The latest crisis in the UK fuel and gas industries has brought further talk about the reliance on fossil fuels.

In recent weeks the UK economy has been hit by a double crisis in the energy industry as supply chain issues led to panic buying of fuel, while soaring wholesale gas prices caused the failure of nine energy providers in the country.

The fuel panic was created by the energy firm BP, which blamed a lack of HGV drivers for the closure of retail outlets in the country. Once that was reported in the media, the country saw queues up and down the land, which led to the military being drafted in and the government approving fast-track visas for lorry drivers. 

The next flash point was a huge surge in wholesale gas prices, partly driven by a fire at a key input point from France to the UK. Gas prices surged to record highs and bankrupted the business models of some junior energy providers that failed to hedge their prices in the capital markets.

As the situation cools again, there are still fears for the supply over the winter in the UK and Europe, where Dutch futures prices also surged and saw the likes of Spain and Italy intervening to help companies. 

These pressures have led to further choruses about the pace of renewable energy uptake and this article we will highlight the pace of the UK plan.

UK starts off on the road to ambitious targets 

A transition is underway in the United Kingdom to meet aggressive net zero targets by 2050.

Government pressures are aligning with corporate trends to change the behaviour of investors

and companies. The pandemic saw the first annual decline in 20 years for the renewables sector in 2020, but this is likely a blip and with support from government policies, growth is expected to resume in 2021 as many of the delayed projects come online.

Renewable electricity capacity also declined in line with trends in other energy sources. The latest trends are being driven by a delay in construction and some supply chain disruption. Global financial uncertainty was another issue that impacted investor appetite.

Renewables were expected to bounce back in 2021, with most delayed projects expected to come online, providing a rebound in new installations. It is anticipated that 2022 will be a boom year with the same level of renewable capacity additions as was seen in 2019.

In the UK, wind energy is the big driver of the renewables market, and with an installed capacity of more than 57 GW in 2018, the UK is the primary producer of wind power in Europe. The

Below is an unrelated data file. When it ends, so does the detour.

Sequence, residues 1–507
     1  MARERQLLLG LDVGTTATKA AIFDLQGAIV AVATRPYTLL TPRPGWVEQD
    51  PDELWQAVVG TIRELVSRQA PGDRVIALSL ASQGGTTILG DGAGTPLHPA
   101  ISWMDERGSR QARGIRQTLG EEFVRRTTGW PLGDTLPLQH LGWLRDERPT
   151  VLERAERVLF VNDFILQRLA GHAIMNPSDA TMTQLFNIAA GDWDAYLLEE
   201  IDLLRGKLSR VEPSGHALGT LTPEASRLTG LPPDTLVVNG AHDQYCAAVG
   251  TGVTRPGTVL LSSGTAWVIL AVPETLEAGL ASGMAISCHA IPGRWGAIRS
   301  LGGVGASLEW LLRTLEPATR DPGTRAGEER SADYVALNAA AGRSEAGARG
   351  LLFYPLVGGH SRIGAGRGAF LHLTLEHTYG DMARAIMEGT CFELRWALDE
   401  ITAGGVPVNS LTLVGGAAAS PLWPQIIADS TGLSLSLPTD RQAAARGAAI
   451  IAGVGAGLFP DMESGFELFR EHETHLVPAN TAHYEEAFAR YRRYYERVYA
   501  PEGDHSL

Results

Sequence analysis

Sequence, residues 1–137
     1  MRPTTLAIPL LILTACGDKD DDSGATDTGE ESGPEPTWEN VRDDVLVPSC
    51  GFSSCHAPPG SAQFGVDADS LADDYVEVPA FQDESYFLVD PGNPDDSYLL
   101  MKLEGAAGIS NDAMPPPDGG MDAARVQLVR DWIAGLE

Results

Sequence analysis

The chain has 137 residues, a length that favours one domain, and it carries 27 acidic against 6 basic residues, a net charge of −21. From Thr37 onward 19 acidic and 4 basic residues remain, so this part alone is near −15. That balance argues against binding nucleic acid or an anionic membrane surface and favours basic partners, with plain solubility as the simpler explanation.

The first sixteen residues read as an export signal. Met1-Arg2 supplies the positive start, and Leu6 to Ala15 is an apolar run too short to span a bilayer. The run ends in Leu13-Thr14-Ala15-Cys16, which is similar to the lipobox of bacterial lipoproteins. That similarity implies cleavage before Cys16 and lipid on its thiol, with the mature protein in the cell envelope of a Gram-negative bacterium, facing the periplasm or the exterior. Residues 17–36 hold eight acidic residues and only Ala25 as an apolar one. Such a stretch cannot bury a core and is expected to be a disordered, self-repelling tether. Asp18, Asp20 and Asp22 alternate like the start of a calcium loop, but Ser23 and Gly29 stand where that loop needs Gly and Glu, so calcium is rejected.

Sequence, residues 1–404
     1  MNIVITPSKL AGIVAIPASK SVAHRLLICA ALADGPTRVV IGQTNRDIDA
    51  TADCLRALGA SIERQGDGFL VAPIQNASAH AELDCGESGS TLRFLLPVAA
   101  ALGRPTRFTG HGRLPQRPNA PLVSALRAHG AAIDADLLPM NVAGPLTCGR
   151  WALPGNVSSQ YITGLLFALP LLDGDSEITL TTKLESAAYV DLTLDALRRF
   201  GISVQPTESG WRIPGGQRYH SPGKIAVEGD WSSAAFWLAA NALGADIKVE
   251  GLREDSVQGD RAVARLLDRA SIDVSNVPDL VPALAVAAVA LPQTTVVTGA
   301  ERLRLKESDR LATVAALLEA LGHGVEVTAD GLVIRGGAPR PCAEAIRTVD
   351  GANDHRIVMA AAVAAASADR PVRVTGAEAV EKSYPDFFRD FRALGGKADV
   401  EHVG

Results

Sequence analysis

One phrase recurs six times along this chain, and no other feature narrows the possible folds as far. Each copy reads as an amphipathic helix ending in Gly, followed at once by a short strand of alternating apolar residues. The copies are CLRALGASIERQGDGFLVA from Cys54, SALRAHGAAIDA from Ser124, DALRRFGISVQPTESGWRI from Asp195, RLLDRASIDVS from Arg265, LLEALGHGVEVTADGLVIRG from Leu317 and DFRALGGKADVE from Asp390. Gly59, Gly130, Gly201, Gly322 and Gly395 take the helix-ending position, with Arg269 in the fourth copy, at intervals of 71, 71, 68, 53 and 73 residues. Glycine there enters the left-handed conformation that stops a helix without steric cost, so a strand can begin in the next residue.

market for offshore wind energy in the UK is still expected to grow at a CAGR of more than 9% during the period of 2020-2025. In the coming years, solar PV installation in businesses, homes, and solar farms is also expected to be a big growth area.

The UK electrical system could handle up to 150GW of offshore wind, as long as essential technical integration and market reforms are delivered, according to a report by the Energy Systems Catapult.

Government policies and targets 

The UK’s target for installed offshore wind has recently been raised to 40 GW by 2030 and the government will also support the development of floating wind turbines.

Offshore wind was a big winner in the UK’s latest budget, as the government announced support for major port hubs in what was label led a “big-bang moment” for the sector, as well as a competition to advance floating wind technology.

Chancellor Rishi Sunak, the UK’s finance minister announced a £75m ($105m) of government support marked a breakthrough for the Able Marine Energy Park (AMEP) project, which has for years been advancing plans for a £500m “world-class offshore wind facility” including new deep-water quays on the south bank of the Humber Estuary, across the water from Siemens Gamesa’s turbine facility in Hull and the area is well-placed to support North Sea renewables projects.

The recent surge in gas prices required support from Russia to supply further gas via Ukraine and ministers will be alarmed that the country is over-reliant on international powers. Regardless of the global trends, the UK has the ideal weather to power the likes of wind industry and self-sustainability would be a geopolitical and economic win for the country.

Renewable fuels and a petrol ban

New biofuels targets were put in place in 2018 with a goal to double the use of renewable fuels in the UK transport sector within 15 years, cutting the sector’s reliance on diesel.

The UK also previously announced that new vehicles that are powered wholly by hydrocarbon will not be sold in the UK from 2030. 

The recent panic buying of fuel in the UK caused a lot of disruption and the government will have to ensure that supply can meet those same levels of demand. It is worth noting that China has planned to reduce passenger transportation by 30% into 2035 and that is something that may be implemented in the UK with a move towards more car-sharing and ride hailing services. 


The UK government have now set their stall out and given notice to the oil industry and vehicle manufacturers that their time is up in the country. The path towards a net zero economy with no new hydrocarbon fuelled vehicles has started the ball rolling for big changes in the economy. Some are worried that the targets are too aggressive as the UK lacks the infrastructure for large-scale electric vehicle charging, while the recent gas price crisis highlights the need to ensure ample supply in the country. Nevertheless, the UK government has embarked on this path and the next years will see the renewables sector becoming more and more dominant in the UK’s energy landscape. 

By Kevin George